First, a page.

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Reflecting on what we’ve done well

by Kelly Exeter | October 17th, 2014 | 0 comments

Birthday

I think as business owners we tend to spend a lot of time caught up, either in the ‘now’ – the day-to-day minutiae running of our businesses, or the future – the ‘where do we go from here/what’s next?’ scenario. But I don’t think too many of us ever take the time to reflect on where we’ve come through and pat ourselves on the back for the things we’ve done well. So, given yesterday was our 8th birthday (huzzah!) I thought it an appropriate time to look back and reflect on eight things we’ve done well over the years. (Yes, there’s lots we got wrong, but that’s a story for another day right?)

1. Made sure people knew what we were doing

The initial incarnation of Swish Design was just me in a little 3×3 office space rented from my former employers. The very best thing I did when I first hung up my shingle outside that little office was to tell everyone I knew that I was striking out on my own. I even had a launch party and to this day I believe that was the greatest thing I ever did from a marketing point of view. It meant all my friends and family knew exactly what I was doing – and it meant I had this very large, unofficial sales force acting on my behalf. My friends and family were very keen to see my business succeed and they did everything in their power to help me.

2. Said yes and figured it out later

When you’re running a service based business, you’re always going to be asked to do something a little beyond your current skillset. In the early days for example, I was doing my own coding for websites, and was often asked to do things beyond my coding capabilities. And unless it was something completely off the planet, I always said ‘yes’ because I knew my friend Google and I would be able to figure it out. There is no faster way to learn a new skill than having to figure it out yourself … and then you have that skill forever!

3. Brought on staff before we could truly afford it

Ah, the vexing question of when to bring on a new staff member – I’ve read so many articles on this topic! One that I partly agreed with  was that generally, paying your existing staff for overtime is preferable to bringing on a new staff member in the short term. But in the long term, you run the risk of burning out, not just your staff, but yourself. So I’ve always brought new staff on before our numbers really justified it. Each time it was a definite risk and each time that risk paid off.

4. Hire known quantities

When it came to finding new staff, personality and how they would fit within the office dynamic was always the number one factor for us. Everyone laughs at us because our office is made up almost entirely of family members, but those family members haven’t been hired because they’re family. It’s because we know what they bring to the table from a work-ethic, initiative and personality point of view – and we know they’re a great fit. Anyone who’s ever interviewed for staff will know that it’s really hard to get an accurate gauge on these things from a resume and interview.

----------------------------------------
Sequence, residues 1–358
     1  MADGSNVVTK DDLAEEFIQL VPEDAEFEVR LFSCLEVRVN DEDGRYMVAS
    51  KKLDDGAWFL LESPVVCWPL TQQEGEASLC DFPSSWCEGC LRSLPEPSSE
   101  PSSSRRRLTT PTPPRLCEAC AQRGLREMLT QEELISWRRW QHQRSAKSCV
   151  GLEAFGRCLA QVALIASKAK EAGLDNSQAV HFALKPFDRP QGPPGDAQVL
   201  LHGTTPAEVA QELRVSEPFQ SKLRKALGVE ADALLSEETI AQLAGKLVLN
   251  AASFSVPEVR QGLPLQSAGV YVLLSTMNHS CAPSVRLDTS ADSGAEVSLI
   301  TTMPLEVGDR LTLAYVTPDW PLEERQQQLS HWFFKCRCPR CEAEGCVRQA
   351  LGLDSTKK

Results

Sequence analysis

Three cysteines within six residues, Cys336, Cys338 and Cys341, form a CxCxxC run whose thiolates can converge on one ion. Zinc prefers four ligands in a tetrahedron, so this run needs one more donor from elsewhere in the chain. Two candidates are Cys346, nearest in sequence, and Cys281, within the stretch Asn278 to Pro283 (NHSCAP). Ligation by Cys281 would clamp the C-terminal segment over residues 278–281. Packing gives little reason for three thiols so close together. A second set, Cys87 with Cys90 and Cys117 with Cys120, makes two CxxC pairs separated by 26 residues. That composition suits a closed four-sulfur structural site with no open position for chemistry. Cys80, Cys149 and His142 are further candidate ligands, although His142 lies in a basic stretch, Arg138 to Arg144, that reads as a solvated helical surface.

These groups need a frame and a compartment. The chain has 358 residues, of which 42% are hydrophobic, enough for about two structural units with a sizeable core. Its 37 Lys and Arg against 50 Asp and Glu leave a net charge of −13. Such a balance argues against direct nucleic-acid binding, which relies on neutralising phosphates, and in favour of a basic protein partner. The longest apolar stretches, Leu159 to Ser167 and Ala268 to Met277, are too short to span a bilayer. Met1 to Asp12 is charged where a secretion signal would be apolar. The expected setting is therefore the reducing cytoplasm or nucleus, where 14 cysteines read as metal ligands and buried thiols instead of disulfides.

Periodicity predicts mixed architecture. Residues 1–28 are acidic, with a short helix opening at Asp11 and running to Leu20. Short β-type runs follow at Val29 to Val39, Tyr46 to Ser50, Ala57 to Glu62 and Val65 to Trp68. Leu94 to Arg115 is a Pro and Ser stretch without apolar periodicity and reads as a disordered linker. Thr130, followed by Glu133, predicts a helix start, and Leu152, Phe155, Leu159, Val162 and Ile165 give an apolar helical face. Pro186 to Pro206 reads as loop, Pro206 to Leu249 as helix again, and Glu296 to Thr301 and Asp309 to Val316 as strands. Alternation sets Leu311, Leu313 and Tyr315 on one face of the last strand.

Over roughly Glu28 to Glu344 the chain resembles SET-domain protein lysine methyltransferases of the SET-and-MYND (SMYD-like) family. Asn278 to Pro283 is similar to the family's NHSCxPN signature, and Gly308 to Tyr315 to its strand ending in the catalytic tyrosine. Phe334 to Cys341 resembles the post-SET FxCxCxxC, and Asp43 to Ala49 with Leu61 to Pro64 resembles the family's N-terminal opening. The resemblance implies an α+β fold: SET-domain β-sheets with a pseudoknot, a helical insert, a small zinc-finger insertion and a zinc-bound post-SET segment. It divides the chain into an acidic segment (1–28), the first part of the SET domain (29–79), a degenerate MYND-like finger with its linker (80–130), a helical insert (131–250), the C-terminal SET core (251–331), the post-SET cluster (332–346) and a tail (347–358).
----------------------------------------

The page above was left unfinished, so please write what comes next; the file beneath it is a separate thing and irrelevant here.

5. Prioritised work/life balance

The one big thing I’ve always been big on is work/life balance. So many workplaces have a culture of overtime and having experienced such a workplace myself, I’ve always been very determined that my staff would not experience that. I’m a big believer that the work we do should be fulfilling, but work is not life, it provides a means to have a life. So I’m constantly monitoring our staff’s ‘mojo’ levels. I feel if our staff are taking home stress from the office and aren’t able to enjoy their families as a result, then something is wrong at our end.

6. Prioritised responsiveness

It always shocks me when one of us replies to an email in a timely fashion (particularly new enquiries) and the person on the other end is effusive in their thanks that we replied to them. Other people don’t reply to new enquiries? What the? This is such an easy thing for us to do and generally speaking, it’s the thing that gets the most comments from clients.

7. Outsource specialised stuff

As a rule, the owner of a business tends to be a huge bottleneck in the business. And that’s usually because they’re fulfilling so many roles – sales, marketing, bookkeeping, human resources, client liaison, management etc etc  For a business our size, it’s not feasible to hire someone to do each and every one of these roles – but they sure can be outsourced to a contractor. The day I handed over all my bookkeeping to someone else was close to the best day of my life. Today, with five permanent staff and several part-time staff and contractors, the management of our human resources requires skills far beyond those Ant and I possess. So we have someone that helps us with that. We have specialists we consult with when it comes to sales, marketing and finance. Finding these people and drawing on them when needed has been a big factor in the growth of our business.

8. Taking myself out of the business

I’d love to say this was a calculated and strategic move, but no, I simply burned out. And the result was Anthony stepping in and taking over the running of Swish Design. In doing so, he removed a lot of the over-servicing I was doing, created many necessary systems and processes, and in short, ran the business as a business. He also took the business from a constant break even situation to a profitable scenario. Ironically, four years on, we are now looking at ‘how do we take Anthony out of the day-to-day running of the business?!’    

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